Community Building

We live in a culture of isolation, each of us living in our own individual boxes, working at our own jobs to buy our own objects.
This, of course, leads to more resources being used; more rakes, hardly ever used, hanging up in a shed; more cars, parked at the same spot for most of the day.

We raise our own kids with our own set of beliefs and stories. We grow old alone, with no meaning or purpose, just waiting for the end. This just increases the feeling of separateness, the feeling that life is hard, the feeling of hopelessness. And so we stop wondering what good we can do on this Earth; we stop fighting and we accept our given social obligation, that of feeding the machine of civilization, like wood feeds a fire, consuming itself.

But this was not always this way. Not so long ago, families were whole and supported each other through lean times, pain, and sickness; neighbors helped each other and shared what they could; villages provided a net of common understanding and beliefs; the greater environment provided for all needs. Everyone was connected and thus strengthened. There is no despair in a strong community.

And so it can be again.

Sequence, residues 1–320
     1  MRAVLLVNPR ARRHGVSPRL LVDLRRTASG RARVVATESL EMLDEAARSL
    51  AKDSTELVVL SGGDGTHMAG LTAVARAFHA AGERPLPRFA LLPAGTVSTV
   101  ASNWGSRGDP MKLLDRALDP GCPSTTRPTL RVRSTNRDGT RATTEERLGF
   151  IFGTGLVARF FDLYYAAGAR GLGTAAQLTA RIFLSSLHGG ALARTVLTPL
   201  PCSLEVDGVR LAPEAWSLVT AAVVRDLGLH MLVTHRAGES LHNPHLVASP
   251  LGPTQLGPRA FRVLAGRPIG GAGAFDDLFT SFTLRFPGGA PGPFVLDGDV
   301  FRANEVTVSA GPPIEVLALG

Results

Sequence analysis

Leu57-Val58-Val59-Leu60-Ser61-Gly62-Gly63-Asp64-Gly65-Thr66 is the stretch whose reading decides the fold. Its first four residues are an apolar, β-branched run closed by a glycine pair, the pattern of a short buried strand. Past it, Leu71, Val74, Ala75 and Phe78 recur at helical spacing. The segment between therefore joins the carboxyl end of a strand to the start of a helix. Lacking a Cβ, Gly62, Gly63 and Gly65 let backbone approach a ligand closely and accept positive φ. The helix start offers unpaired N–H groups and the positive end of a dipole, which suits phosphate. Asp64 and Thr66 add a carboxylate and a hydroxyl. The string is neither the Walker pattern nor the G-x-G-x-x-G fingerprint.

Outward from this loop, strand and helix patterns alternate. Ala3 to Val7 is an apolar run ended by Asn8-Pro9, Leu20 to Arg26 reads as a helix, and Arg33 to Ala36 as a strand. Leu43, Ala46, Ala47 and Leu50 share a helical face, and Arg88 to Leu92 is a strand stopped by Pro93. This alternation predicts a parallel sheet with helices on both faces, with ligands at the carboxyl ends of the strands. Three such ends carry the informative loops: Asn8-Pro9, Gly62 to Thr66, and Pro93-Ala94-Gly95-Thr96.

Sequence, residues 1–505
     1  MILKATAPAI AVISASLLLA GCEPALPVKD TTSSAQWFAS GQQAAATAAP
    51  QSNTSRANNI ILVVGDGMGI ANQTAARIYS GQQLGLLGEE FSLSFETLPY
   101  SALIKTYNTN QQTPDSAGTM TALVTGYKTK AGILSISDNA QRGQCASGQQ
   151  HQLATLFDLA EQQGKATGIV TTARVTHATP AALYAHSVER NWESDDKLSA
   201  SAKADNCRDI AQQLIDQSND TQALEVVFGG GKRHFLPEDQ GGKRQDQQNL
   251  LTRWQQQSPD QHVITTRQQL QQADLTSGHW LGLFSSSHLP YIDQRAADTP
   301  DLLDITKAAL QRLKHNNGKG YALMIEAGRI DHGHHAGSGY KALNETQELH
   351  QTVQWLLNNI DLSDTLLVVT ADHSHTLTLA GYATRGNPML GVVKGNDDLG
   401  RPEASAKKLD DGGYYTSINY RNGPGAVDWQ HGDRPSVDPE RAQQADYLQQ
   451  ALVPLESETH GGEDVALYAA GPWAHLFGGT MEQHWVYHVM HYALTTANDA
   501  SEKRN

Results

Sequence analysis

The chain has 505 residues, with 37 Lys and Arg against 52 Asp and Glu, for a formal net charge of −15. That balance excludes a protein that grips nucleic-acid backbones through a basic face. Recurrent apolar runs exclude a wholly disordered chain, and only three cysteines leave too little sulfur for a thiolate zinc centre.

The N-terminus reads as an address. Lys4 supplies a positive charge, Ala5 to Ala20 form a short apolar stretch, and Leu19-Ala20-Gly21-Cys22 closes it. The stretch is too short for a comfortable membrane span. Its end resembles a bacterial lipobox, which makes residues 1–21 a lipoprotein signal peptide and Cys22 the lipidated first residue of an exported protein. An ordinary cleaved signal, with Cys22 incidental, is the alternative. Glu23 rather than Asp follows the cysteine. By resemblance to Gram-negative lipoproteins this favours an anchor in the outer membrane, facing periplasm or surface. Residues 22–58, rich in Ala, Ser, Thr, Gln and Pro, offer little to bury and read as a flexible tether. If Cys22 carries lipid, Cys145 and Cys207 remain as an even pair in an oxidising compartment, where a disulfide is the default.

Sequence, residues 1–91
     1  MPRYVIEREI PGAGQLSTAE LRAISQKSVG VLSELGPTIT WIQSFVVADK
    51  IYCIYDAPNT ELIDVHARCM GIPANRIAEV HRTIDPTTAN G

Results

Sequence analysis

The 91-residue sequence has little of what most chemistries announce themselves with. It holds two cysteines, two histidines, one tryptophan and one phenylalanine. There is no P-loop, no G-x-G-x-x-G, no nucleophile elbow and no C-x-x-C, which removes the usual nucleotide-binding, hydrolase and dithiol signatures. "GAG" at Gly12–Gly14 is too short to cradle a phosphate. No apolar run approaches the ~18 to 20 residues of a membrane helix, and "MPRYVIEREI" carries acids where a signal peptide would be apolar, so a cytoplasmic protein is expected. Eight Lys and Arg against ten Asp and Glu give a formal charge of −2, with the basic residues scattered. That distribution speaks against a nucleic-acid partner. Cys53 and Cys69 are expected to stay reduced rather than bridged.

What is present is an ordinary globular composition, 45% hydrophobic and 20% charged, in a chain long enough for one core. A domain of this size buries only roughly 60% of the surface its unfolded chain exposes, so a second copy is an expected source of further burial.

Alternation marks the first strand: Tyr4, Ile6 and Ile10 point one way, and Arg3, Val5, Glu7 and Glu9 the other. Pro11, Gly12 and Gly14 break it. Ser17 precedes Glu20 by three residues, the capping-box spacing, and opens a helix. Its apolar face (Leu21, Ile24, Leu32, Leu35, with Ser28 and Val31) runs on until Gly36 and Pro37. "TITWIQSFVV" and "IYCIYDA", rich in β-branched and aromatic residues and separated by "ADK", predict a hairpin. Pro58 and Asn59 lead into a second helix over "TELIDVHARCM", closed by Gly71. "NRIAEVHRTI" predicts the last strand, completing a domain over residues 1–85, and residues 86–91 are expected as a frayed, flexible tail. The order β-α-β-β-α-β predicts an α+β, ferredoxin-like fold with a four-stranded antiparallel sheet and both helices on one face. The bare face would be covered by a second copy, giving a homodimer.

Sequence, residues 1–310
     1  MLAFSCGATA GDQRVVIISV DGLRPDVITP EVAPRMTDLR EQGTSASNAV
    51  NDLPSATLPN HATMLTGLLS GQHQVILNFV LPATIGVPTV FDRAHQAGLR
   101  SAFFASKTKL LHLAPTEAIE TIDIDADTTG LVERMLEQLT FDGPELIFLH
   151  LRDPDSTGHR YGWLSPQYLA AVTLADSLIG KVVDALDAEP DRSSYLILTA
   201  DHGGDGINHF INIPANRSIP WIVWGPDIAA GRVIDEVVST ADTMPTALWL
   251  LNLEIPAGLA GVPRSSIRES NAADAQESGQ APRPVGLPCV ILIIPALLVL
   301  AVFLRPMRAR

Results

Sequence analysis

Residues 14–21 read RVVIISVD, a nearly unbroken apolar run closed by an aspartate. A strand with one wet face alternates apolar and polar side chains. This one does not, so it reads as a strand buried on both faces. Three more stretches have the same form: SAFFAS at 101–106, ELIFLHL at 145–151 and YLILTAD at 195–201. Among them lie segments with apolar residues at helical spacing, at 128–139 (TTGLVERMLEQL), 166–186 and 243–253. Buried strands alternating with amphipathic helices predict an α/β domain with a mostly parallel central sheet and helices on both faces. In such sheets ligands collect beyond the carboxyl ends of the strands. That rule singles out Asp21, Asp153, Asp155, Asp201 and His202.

Of course, the time when extended families will live again under the same roof may be some distance away in the future; we've grown to appreciate our privacy quite a bit. But we can still live close to each other and support each other in our daily lives. We can chop wood side by side, telling jokes. We can cook for a sick neighbor, bringing comfort. We can sit around the same fire and listen to stories told by ones who have seen many winters. We can share the bounties of our hunts. We can let children play together. We can celebrate events together. We can talk to each other and participate in each other's life. We can share our tools and knowledge. We can weave a set of shared values and beliefs.

We'd like to provide a space where this becomes reality. We'd probably start as strangers with a common goal to live sustainably, working side by side. We'd become friends by
looking for common ground and setting our differences aside. We'd become family by forming a supportive social network for ourselves and our children. We'd become a tribe by nurturing formidable individual character in service of the whole.